Lee, A.S. “A scientific methodology for MIS case studies.,” MIS Quarterly (13:1), March 1989, pp 33-50.

In message 207 on Saturday, October 27, 2007 5:17pm, Charles Myers (cemyers) writes:
>Lee presents an argument against the use of a single case study for a research topic.

Actually, Lee is defending single-case-study research.

Key rhetorical strategy: Lee says he chooses the natural science model as the ideal for the social science model, in part because the critics of single-case studies often ground their criticism in natural science methodology; Lee thus intends to respond to the critics in their own language and show that single-case studies can satisfy natural science criteria [34].

The four problems of single-case studies:

>–Making controlled observations
>–Making controlled deductions
>–Allowing for replicability
>–Allowing for generalizability

To understand how Lee defends single-case studies against the charges that they can’t satisfy the above 4 criteria, Lee appeals to 4 other standards laid out by Popper, who said you have a good theory when it is…

1. falsifiable
2. logically consistent
3. competitively predictive (it predicts stuff at least as well as competing theories)
4. durable (scientists test it, and it survives!)

Markus tests her three theories, falsifies two of them, and finds the third (the interaction theory) satisfies Popper’s conditions. Someone else could still construct a test to falsify it; it’s consistent with what Markus observed; it makes better predictions than two competing theories; and it survived this case study. That’s science!

>Seemely Allen both agreed with Marcus and disagreed with Marcus.
>In the end Ibelive he states that multple case study approach is better
>for reasearch because of the rigor and potential for quantity and quality
>of data.

I don’t want to offer excuses for sloppy science — I’ll take multiple examples over one anecdote any day — but I might propose the 9/11 Theory of IS Research in support of single-case studies. The United States restructured the entire federal security apparatus, engaged in two significant military adventures, and radically changed the nature of defendant rights with the PATRIOT Act, all on the basis of a single event, one coordinated terrorist attack. Without commenting on the wisdom of any particular policy adopted, I think it is safe to say that scorn and derision would have met anyone who stood up on September 12 and said, “Hang on, before we form any theories or design any solutions, we’d better try replicating the experiment and controlling the variables. We can’t derive any useful knowledge from just one event.”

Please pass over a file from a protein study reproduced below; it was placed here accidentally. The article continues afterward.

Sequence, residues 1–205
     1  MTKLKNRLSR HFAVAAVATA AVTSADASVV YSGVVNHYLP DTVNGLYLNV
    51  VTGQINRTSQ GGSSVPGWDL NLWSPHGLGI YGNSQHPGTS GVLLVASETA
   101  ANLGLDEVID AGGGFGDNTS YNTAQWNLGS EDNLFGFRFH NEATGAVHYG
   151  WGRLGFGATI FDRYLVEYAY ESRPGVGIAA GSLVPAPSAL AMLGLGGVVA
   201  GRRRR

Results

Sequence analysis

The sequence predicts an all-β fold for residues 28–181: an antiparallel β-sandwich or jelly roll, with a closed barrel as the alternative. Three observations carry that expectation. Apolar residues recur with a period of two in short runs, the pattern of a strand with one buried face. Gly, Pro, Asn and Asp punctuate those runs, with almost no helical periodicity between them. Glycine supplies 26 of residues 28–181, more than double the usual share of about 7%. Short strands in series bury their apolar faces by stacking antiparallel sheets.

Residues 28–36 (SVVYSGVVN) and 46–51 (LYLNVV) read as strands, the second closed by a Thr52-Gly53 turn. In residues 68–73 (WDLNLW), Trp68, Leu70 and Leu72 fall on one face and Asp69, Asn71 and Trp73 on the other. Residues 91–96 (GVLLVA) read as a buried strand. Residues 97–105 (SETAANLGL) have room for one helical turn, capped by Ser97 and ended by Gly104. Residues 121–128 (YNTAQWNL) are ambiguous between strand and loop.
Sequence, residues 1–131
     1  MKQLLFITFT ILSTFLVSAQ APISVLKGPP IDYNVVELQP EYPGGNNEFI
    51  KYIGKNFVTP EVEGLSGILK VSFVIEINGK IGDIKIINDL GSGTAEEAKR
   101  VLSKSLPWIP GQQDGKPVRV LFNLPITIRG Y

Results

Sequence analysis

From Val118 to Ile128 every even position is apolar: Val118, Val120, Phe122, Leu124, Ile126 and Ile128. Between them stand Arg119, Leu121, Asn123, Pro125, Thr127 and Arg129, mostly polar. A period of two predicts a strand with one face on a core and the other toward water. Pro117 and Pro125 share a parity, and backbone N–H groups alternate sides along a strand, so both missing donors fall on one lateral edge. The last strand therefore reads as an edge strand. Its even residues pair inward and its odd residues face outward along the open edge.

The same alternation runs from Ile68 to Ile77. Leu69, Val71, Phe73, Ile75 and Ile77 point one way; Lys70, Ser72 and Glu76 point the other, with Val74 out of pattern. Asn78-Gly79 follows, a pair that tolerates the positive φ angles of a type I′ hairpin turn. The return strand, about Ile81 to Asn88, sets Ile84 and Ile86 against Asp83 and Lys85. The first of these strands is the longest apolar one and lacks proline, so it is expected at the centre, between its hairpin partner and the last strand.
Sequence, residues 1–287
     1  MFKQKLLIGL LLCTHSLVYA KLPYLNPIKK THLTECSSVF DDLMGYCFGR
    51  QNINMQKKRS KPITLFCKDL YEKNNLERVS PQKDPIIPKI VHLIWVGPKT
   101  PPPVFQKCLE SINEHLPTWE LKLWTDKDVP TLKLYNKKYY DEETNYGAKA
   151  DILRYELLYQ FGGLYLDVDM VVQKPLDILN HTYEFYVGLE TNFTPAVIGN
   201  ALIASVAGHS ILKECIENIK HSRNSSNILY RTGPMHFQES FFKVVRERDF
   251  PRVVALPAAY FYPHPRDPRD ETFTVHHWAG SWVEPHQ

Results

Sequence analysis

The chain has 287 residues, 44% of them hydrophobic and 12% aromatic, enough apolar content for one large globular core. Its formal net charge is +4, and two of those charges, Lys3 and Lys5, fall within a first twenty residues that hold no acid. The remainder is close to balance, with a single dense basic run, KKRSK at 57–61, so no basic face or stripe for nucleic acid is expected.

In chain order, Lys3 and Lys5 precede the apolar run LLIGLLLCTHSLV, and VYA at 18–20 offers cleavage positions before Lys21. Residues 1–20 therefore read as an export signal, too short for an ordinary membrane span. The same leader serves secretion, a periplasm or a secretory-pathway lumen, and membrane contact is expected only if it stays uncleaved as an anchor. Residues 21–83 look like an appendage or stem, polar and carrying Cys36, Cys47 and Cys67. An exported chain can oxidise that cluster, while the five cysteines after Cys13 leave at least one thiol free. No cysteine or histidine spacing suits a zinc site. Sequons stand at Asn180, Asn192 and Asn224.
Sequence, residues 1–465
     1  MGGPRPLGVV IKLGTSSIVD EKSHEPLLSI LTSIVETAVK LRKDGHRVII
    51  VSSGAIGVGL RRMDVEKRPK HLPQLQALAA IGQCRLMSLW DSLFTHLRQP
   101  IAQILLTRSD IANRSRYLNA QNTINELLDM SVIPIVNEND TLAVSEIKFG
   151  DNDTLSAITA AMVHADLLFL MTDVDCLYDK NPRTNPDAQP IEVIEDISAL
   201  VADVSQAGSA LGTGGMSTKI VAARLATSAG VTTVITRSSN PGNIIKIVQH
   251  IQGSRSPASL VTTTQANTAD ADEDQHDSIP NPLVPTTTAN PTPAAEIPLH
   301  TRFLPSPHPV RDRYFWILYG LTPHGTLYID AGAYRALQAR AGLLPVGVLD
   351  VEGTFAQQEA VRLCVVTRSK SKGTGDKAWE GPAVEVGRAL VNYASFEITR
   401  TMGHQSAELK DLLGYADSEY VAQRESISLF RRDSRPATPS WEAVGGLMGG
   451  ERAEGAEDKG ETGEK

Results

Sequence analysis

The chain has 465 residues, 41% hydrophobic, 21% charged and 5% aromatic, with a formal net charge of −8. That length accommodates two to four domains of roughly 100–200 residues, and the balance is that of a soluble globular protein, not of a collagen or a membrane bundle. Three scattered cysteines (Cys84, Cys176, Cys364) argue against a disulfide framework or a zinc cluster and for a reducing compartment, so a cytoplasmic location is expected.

In practice, single cases form the basis of important decisions and life-lessons all the time.  Granted, single events also often form the basis of really bad decisions and prejudices. Scientists have an obligation to be circumspect, to look around for more than one case when possible to back up what they wish to argue. But sometimes a single case can provide such powerful, useful information that we’d be fools to ignore it.

Given that IS interacts so closely with the world of practice (we really are flying the plane, studying it, and swapping out bolts and rotors all at the same time!), maybe we IS researchers get special dispensation to do more single-case studies. Astrophysics and molecular biology don’t move fast like IS; we’ve got to provide folks some useful results before the technology we’re studying mutates into something completely unrecognizable. Maybe we need to make the most we can out of single-case studies, give business all the advice and best-guesses we can derive, and hope for the best as we scramble to study the next new thing.